Saturday, February 5, 2011


(More stories of our ten day visit to the Yucatan in January 2011)

DH and I decided to attend church on Sunday.  Using the meetinghouse locator on, and information on Google Earth we were able to locate a chapel and meeting times in Tulum, a half hour drive from where we were staying.

 (An L.D.S. meeting house similar to the one we attended)
We arrived and were greeted by friendly members.  After we found a seat, more gracious people, all speaking Spanish, came up to shake our hand and welcome us.

The Church of Jesus Christ of Latter Day Saints or, Mormons, is a worldwide church.  Although the location and language may change, the gospel and the spirit of the members do not. We’re not world travelers, but we've found this to be true everywhere we’ve attended church.

The meeting was Spanish speaking, but we recognized the service and the hymns.  We felt at home so far away from home.

After the services we visited with more of the members and also a few people from the U.S.A. who were residents or visitors like ourselves. 

On our way out of town we passed an open air fruit and vegetable stand.

 We don’t make a habit of shopping on Sunday, but the place was so inviting and DH is a sucker for fruit stands.  We looked over the produce and purchased a pineapple, some citrus fruit and some large and beautiful radishes.

Back in our rented car we pulled on to the main street and were almost immediately waved over to the median by a Mexican traffic cop.  He came to my side of the car, stuck his head in the window and asked for DH’s driver’s license.

We said, “License, license? We don’t need no steeeking license.”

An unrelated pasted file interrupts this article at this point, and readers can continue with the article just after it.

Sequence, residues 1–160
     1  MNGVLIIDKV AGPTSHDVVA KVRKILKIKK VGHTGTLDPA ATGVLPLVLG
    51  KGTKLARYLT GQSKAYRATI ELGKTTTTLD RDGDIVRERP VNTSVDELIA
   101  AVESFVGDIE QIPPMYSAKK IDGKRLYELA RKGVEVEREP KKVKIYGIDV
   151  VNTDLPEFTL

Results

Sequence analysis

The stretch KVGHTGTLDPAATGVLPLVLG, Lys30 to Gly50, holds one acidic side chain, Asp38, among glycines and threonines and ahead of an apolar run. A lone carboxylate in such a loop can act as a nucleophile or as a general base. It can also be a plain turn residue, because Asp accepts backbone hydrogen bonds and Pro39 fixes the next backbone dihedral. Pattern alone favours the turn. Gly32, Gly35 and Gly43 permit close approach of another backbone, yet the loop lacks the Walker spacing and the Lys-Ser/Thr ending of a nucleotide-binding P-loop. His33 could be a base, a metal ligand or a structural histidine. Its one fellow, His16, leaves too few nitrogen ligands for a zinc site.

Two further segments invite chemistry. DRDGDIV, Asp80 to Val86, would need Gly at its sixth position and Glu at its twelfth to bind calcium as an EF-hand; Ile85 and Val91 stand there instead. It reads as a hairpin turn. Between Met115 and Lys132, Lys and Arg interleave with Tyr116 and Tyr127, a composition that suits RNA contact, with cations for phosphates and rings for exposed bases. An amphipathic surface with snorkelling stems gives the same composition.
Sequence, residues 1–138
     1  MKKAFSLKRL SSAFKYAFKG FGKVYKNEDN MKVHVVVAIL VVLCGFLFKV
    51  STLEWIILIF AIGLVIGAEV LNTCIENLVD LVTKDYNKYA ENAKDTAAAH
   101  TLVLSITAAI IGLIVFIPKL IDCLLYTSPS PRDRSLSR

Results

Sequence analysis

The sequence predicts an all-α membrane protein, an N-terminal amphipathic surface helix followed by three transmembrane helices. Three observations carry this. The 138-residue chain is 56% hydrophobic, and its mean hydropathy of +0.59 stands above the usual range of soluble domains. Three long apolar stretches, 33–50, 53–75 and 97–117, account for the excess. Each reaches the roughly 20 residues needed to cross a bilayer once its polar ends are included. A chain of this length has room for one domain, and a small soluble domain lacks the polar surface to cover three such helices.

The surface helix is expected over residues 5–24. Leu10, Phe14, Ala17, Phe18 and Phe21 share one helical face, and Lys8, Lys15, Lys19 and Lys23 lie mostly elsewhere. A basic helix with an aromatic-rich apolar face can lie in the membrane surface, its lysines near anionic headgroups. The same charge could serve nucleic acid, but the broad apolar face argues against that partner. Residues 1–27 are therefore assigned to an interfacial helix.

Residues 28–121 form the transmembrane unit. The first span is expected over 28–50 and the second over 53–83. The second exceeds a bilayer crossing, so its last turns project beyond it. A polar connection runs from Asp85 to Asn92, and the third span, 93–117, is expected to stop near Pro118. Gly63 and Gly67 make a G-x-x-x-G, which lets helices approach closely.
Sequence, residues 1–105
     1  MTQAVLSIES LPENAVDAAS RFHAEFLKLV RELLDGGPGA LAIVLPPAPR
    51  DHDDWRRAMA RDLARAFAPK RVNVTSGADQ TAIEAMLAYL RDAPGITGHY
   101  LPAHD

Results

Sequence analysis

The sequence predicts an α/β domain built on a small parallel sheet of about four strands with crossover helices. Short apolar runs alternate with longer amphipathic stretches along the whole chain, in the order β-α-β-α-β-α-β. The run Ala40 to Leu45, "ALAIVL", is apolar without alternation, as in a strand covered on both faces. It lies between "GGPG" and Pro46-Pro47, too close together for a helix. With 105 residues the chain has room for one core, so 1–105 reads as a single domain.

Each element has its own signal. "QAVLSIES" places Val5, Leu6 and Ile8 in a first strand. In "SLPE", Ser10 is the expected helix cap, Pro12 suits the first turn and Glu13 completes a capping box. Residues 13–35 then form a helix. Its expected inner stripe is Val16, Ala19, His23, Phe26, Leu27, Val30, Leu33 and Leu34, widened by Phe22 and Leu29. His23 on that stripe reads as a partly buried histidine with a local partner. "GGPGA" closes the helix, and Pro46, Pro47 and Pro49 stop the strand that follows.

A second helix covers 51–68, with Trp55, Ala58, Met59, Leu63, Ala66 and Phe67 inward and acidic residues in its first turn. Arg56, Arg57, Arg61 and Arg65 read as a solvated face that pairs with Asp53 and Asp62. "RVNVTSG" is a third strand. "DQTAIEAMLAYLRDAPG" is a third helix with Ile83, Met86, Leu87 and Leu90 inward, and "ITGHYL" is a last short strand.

Okay, just kidding about that one.

We’d been warned about the police in Mexico by several sources.  We were told if we were stopped and they asked for license and passport that:

1.  Be courteous at all times.
2.  Don’t speak Spanish even if you are fluent.
3.  If they want to ticket and fine you—offer to pay the fine right there with a twenty dollar bill.  Usually the policeman will pocket the cash and send you on your way.

The officer examined DH’s license and told us in broken English that we’d made a wrong turn.  We were told we would get a ticket and we’d have to go to the police station to pay a hundred dollar fine.

DH handed me a twenty and I offered it to our new acquaintance.  In almost a slight of hand movement he slipped the bill out of my hand and the license in and told us to proceed.

“Go! Go!”  I said under my breath to DH. “Did you get my license?” He hissed.  “Yeah! Just drive!”

As we proceeded out of town we had the following conversation:

“That was one expensive pineapple!”
“Guess we shouldn’t have shopped on Sunday.”
“Yeah, God knows where we are even if we escape to Mexico.”

Wednesday, February 2, 2011


In June of 1999 DH went with a group of university professors 
on a trip to learn about ancient cultures of Mexico and Guatemala.  
Spouses were invited along.  I didn’t have to be asked twice.

 We spent two weeks visiting some amazing places and toured the ruins 
of Teotihuacán, Tikal and Chichen ItzĂ .  
Before we returned we spent two days and a night 
in a little village on the Caribbean.

DH and I brought along our snorkel gear and were enchanted 
by the beauty of the life in the coral reefs 
just yards from our bungalow on the beach.

 We vowed some day to return.

For a long time we could only watch that turquoise sea 
on the Akumal beach webcam. 
Finally, after twelve years, the pieces of our plans came together.

The morning after we arrived we found the web cam 
on a restaurant by the sea.  We texted our daughters in 
Utah and Idaho and told them to check us out on their computers.

 I wrote, “HI ANN” in the sand 
and we received excited text back that they could see us. 

A friendly couple came by with the same kind of idea.  
She was from the United States and he was originally from Germany.

While we visited with the wife he grabbed a piece of coral from the sand